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Figures

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Fig. 1

The simulation domain in particle representation

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Fig. 2

The particle distribution on the die channel whose length and width are L = 0.2 m and H = 0.01 m along the x- and y-directions, respectively

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Fig. 3

A schematic for enforcing zero pressure condition on the free surface

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Fig. 4

Velocity profile at the middle of the channel

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Fig. 5

Fully developed non-Newtonian second-order periodic flow

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Fig. 6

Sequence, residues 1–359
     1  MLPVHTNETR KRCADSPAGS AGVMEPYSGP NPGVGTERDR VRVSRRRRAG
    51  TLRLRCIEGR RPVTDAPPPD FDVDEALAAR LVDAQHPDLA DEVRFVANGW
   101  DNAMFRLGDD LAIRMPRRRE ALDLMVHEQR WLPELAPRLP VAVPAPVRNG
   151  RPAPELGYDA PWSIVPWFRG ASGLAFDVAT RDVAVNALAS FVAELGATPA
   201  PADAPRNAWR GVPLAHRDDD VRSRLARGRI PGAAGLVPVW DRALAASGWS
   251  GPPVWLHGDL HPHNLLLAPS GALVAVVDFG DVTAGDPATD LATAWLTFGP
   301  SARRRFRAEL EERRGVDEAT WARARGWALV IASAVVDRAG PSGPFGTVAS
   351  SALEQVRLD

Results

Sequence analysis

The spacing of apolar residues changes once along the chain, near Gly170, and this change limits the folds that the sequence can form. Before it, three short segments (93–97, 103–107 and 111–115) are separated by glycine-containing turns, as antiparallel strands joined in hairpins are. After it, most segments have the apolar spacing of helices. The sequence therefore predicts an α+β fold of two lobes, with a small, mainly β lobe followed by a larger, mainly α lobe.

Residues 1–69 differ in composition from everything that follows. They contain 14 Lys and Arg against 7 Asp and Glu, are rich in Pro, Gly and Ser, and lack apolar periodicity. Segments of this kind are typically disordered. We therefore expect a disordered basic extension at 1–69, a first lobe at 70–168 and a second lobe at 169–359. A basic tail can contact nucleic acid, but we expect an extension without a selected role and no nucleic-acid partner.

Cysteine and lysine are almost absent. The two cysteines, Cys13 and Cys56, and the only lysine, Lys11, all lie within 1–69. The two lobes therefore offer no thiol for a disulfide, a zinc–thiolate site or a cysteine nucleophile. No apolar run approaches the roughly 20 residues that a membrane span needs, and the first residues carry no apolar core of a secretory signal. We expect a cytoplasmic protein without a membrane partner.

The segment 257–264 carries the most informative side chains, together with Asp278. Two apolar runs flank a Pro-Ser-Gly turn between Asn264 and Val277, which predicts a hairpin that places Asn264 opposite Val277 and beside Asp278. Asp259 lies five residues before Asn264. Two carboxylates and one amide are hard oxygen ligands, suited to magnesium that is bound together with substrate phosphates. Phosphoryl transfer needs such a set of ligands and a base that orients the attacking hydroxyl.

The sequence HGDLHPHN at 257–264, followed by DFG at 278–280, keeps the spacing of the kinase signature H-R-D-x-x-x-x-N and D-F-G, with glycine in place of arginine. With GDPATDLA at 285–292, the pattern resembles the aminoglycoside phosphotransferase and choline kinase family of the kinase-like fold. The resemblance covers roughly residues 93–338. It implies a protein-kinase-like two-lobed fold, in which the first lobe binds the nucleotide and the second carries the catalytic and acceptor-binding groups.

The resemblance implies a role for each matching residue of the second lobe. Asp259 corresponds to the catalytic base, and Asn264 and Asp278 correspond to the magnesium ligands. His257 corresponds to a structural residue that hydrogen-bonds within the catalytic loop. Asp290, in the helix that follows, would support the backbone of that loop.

The die swell of Newtonian fluid where color indicates the velocity magnitude

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Fig. 7

SPH particle distribution for eight possible forms of momentum balance formulations. The results on the left column are obtained by using the Rivlin–Ericksen constitutive equation while those on the right column are obtained by employing the CEF constitutive equation, where (a) covariant convected derivative, (b) contravariant convected derivative, (c) mixed covariant-contravariant convected derivative, and (d) corotational (Jaumann) derivative. Note that in each figure, the particle distributions are colored in accordance with the values of the first normal stress difference N1, and the magnitude of the centerline velocity v is given on each subfigure. The results are obtained using the solution procedure (case 3) expounded below.